A True Jehovah’s Witness is a False Christian

True Jehovah’s Witnesses are not Christians. Here are 3 reasons:

  1. They teach a counterfeit Jesus, that He is Michael the Archangel (2 Corinthians 11:4; John 1:1).
  2. They teach a counterfeit Holy Spirit, that He is simply God’s active force (2 Corinthians 11:4; Acts 5:3-4).
  3. They teach a counterfeit Gospel, that one need not be born again to enter the kingdom of God. (2 Corinthians 11:4; John 3:3-5).

-Bill Fisher (with minor editing from Brian Holda)

2 Peter And God’s Patience

In 2 Peter you have these false preachers who seem like they were endorsing a certain form of sensuality and getting others to follow them in this. These false teachers were so intricately part of the fellowship of the church that they were joining in their “love feasts” (time of eating and communion together).

While reading 2 Peter this week, I found myself waiting to hear Peter say “kick them out!!”. Maybe he did and I missed it (or Jude will–which is a sister book to 2 Peter?). And clearly other Scriptures do address confronting and disciplining false teachers (so hear me out on this).

But here, Peter appeals to the patience of God and saints of old who had to bear up with things for a while, but then God confronted them by direct judgment later.

In the same way, we sometimes want to immediately address things that may be really bad… but sometimes God might be working something out that is much greater than we could ever have imagined.

I think of Judas Iscariot. How many of us would have tolerated him for 3.5 years (let alone share the Holy Spirit with him, washed his feet, or made him the treasurer!)? Think of all the damage he could do if he wasn’t ejected? So then the worst case scenario happened: Judas killed Jesus.

But God used this to bring ALL of us unto Him.

I’m telling you–God’s ways are always better than our ways!

Honoring Father, Son, and Holy Spirit

I was recently asked about how much Christians should focus or proclaim Jesus versus the other Persons within the Trinity: Father and Holy Spirit.

In other words, does an emphasis on Jesus properly reflect the Biblical teaching that we serve a God who is 3-in-1: Father, Son, and Holy Spirit? See Jesus & God.

The following is a response worked out between Jesse Higgins and me.

New Testament Stats

This prompted me to look up how often the New Testament itself references the 3 persons of the Trinity. I found the following:

  • God (Greek: “Theos”) + Father (Greek: “Pater”) = About 1,500 references (removing a portion of references to ‘Father’ that speak to a father other than God).
  • Jesus (Greek: “Iesous”) + Christ (Greek: “Christos”) = About 1,400 references (removing a portion of references to ‘Jesus’ that speak to a different person named Jesus)
  • Spirit (Greek: “Pneuma”) = About 300 references (removing a portion of references to ‘Spirit’ that refer to a spirit other than the Holy Spirit)

Please note that these are ballpark numbers. I did a quick estimate of how many references to remove to make sure it only is talking about THE Father/Jesus/Spirit, but would love if someone wanted to take the time to count the exact.


Glorifying Son and Father

Look now at John 16:13-24:

But when he, the Spirit of truth, comes, he will guide you into all the truth. He will not speak on his own; he will speak only what he hears, and he will tell you what is yet to come. He will glorify me because it is from me that he will receive what he will make known to you. All that belongs to the Father is mine. That is why I said the Spirit will receive from me what he will make known to you…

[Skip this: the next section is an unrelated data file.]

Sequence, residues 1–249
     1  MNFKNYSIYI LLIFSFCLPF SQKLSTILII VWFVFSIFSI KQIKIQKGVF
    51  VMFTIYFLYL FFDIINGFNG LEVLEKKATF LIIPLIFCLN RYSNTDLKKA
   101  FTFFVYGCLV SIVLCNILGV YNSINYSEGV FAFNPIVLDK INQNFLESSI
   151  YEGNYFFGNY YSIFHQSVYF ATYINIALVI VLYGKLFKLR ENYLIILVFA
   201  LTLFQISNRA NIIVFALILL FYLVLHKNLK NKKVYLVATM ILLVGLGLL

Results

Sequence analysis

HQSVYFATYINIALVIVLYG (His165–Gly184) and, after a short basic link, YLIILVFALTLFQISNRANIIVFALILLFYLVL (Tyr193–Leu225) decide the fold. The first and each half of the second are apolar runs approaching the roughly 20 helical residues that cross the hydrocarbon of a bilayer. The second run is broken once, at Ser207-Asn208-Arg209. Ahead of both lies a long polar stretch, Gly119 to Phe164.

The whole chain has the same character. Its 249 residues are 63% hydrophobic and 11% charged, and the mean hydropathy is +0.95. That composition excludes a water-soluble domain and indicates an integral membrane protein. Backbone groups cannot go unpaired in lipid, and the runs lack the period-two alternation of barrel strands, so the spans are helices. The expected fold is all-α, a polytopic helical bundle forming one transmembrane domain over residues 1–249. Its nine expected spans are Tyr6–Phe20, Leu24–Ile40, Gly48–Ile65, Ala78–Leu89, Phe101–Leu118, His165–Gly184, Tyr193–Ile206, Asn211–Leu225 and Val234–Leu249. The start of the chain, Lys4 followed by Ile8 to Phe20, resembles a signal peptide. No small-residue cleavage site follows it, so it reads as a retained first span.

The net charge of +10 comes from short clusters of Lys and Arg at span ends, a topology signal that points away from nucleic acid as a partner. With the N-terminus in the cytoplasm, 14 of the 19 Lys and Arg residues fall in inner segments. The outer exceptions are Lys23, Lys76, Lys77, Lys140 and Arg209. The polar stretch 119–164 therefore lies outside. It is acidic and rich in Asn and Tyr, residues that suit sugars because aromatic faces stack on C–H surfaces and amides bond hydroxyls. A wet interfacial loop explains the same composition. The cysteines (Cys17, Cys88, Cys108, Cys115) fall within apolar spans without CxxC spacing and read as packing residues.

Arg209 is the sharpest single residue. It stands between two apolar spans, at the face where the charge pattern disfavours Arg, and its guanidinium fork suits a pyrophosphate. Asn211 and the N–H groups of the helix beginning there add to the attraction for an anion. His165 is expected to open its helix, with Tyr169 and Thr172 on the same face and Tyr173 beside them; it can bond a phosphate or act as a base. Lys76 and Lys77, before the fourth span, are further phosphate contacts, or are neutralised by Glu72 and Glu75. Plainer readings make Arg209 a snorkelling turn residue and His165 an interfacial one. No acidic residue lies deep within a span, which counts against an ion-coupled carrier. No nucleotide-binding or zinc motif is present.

Very truly I tell you, my Father will give you whatever you ask in my name. Until now you have not asked for anything in my name. Ask and you will receive, and your joy will be complete.

John 16:13-24

This passage shows that the Spirit is here to glorify the Son (and the Son, in turn, glorifies the Father).

Examples of Glorifying Son and Father

An example of this is found in Luke 7:11-17. There Jesus resurrects a boy. The response?

There were all filled with awe and praised God. “A great prophet has appeared among us…God has come to help his people.” This news about Jesus spread throughout Judea and the surrounding country.

Luke 7:16-17

Note that the Holy Spirit opened their eyes to perceive the Truth of this sign, yet they gave honor to the Prophet (Jesus) and glorified God who had visited his people.

Another example is John 6:28-40:

Then they asked him, “What must we do to do the works God requires?”

Jesus answered, “The work of God is this: to believe in the one he has sent.”…

For I have come down from heaven not to do my will but to do the will of him who sent me. And this is the will of him who sent me, that I shall lose none of all those he has given me, but raise them up at the last day. For my Father’s will is that everyone who looks to the Son and believes in him shall have eternal life, and I will raise them up at the last day.”

Even if the number of times each Person of the Godhead is mentioned was not a crescendo of instances magnifying the Father, we have clear explanations from the Son that the Holy Spirit comes to glorify the Son and in fact, does nothing on His own. The Son, who Himself does nothing on His own, in turn glorifies the Father.

Furthermore, we see the example of the Holy Spirit moving in Power through the signs and wonders of Jesus and in opening their spiritual eyes to perceive the Truth and their reaction is to honor the Son, the Good Teacher, the Prophet and to magnify and glorify God the Father.

The Holy Spirit comes to

  • convict of sin, because the people do not believe in the Son,
  • convict of Righteousness, because the Son has gone to the Father on our behalf
  • convict of Judgment, because the ruler of this world is condemned.